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Sep 29, 2016
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At a press conference on Wednesday, September 28, minority floor leader Rep. Danilo Suarez and several others were asked for his reaction to the proposed showing of an alleged sex video of Senator Leila de Lima and her driver.

It may be recalled that President Rodrigo Duterte had alleged that De Lima's driver was the one who collected money from the drug lords at the New Bilibid Prison.

"House Speaker Pantaleon Alvarez has argued that the showing of the alleged sex video would establish the two adults' relationship that would ultimately link the former justice secretary to the alleged drug trade at the national penitentiary," reports the Inquirer.

Suarez, who is identified as a Duterte ally, said he would personally ask Justice Secretary Vitaliano Aguirre II "to think twice about showing it at a congressional hearing."

For his part, Buhay party-list Rep. Lito Atienza, said, "I think we all share the same conviction. That video should not be shown."

Atienza even jokingly added, "You're lucky if you haven’t seen it. It's scary. President Duterte's reaction is right. You will lose your appetite. The performers were ugly."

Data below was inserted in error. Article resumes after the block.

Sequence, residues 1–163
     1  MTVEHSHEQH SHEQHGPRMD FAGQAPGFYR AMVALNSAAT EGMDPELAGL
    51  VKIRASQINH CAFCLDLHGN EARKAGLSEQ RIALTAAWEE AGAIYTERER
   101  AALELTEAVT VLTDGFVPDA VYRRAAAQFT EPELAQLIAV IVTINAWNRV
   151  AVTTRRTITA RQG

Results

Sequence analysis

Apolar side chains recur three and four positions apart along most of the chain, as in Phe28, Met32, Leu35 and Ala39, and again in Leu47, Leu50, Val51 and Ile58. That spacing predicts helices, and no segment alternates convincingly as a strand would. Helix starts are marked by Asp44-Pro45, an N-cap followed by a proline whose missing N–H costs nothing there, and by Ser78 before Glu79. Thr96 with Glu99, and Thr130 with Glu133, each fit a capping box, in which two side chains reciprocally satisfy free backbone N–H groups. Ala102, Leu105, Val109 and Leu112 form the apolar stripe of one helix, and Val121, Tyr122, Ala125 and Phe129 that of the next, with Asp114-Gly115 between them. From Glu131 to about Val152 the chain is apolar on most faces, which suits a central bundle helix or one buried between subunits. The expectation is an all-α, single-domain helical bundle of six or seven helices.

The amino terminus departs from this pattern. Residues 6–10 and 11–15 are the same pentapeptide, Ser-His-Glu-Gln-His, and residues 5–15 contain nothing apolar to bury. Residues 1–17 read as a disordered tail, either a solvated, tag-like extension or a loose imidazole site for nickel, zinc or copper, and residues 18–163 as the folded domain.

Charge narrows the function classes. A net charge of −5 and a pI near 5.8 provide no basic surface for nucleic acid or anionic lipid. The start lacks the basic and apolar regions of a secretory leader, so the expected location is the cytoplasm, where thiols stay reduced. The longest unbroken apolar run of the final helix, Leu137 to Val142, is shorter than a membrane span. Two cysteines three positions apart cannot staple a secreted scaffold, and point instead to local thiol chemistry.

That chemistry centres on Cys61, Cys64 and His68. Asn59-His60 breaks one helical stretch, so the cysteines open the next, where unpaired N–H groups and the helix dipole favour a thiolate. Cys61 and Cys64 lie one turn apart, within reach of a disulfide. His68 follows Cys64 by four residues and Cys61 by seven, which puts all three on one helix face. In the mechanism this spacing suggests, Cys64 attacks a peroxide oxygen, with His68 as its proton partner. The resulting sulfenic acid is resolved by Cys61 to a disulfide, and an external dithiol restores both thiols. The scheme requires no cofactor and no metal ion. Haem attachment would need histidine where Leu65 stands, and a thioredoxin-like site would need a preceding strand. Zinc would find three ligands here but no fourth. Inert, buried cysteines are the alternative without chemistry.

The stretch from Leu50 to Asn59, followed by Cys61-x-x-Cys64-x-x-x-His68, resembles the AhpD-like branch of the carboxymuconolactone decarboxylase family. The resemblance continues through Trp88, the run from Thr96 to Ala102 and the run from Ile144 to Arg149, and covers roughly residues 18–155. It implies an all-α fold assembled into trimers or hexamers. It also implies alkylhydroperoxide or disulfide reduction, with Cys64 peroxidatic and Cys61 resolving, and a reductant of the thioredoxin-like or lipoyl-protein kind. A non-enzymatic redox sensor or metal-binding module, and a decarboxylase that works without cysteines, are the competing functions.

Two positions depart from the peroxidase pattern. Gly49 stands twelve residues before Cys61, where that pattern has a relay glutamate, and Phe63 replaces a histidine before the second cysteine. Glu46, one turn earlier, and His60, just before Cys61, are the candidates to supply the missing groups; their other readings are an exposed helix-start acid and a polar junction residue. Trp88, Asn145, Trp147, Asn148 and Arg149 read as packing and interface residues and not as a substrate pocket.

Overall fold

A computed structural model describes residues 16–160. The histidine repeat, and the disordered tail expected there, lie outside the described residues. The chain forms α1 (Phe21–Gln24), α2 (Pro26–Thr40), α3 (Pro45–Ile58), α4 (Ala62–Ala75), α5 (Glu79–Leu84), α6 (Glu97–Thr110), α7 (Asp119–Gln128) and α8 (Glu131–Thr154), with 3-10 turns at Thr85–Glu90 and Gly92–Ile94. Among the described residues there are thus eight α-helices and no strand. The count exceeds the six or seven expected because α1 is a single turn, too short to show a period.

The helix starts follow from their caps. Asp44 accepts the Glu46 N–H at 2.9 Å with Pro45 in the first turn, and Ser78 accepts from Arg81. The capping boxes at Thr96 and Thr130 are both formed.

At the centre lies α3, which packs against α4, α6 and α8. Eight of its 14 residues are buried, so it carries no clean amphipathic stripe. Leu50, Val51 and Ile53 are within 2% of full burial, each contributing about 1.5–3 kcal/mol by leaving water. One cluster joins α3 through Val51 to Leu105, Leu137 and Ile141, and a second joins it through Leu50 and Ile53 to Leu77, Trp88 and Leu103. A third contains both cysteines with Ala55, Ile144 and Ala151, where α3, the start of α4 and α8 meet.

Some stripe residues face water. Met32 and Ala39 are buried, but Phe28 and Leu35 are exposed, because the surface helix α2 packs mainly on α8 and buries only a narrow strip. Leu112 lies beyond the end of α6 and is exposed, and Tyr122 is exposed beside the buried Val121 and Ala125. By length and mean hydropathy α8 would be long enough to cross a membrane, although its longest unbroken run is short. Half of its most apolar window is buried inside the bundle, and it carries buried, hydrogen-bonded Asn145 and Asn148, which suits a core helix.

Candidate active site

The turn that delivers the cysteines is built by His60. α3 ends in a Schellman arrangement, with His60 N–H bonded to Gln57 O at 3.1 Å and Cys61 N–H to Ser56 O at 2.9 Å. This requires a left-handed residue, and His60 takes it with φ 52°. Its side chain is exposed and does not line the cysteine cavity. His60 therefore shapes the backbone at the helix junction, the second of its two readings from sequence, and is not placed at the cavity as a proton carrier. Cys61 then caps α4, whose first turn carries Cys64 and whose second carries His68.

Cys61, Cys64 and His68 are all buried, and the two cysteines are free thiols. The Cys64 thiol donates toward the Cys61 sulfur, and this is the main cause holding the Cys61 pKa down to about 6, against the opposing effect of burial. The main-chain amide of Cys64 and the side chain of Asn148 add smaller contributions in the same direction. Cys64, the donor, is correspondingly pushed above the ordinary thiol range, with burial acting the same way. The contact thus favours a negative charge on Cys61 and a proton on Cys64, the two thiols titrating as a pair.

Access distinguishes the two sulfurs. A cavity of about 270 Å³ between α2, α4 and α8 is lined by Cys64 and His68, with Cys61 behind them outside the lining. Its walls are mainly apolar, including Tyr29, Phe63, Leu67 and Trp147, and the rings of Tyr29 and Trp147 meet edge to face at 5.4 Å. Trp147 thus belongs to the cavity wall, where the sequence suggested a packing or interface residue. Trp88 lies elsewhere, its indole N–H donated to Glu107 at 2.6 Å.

The report noted that "the room burst into laughter" at Atienza's musings.

As if encouraged by the laughter, Suarez, who claimed to have seen the alleged sex video, offered his review: "The partner was good."

At this point, a female reporter asked, "On phallic domination, do we really need to show a sex video of Senator De Lima who is a woman just to show her relationship with her driver? Isn't that a form of slut shaming?"

The congressmen were said to have gone silent for a moment. Then, Suarez said, "Meron bang ganun (Is there such a thing)?"

Despite the exchange of statements that may easily be labeled as "misogynistic," Kabayan party-list Rep. Harry Roque said he thinks it's just "incidental that a female politician has become the center of the controversy."

Then again, it's immaterial whether one likes or hates De Lima. The fact is that showing a sex video during a hearing may be illegal.

In another Inquirer report, Sen. Grace Poe pointed out that the playing of alleged sex video will violate the very law that Congress has passed.

Poe cited Section 4 of Republic Act 9995 or the Anti-Photo and Video Voyeurism Act of 2009, which she said "expressly prohibits and declares unlawful the showing of photo or video coverage or recordings of such sexual act or any similar activity through VCD/DVD, internet, cellular phones and other similar means or device."

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She explained, "It will serve no legal and practical purpose as the law makes such unlawful act of showing inadmissible in evidence in any judicial, quasi-judicial, legislative or administrative hearing or investigation."

Sen. Risa Hontiveros likewise weighed in via a text message. She observed, "It is terrible. I don't see how the showing of fake sex videos will promote the interest of truth and justice."

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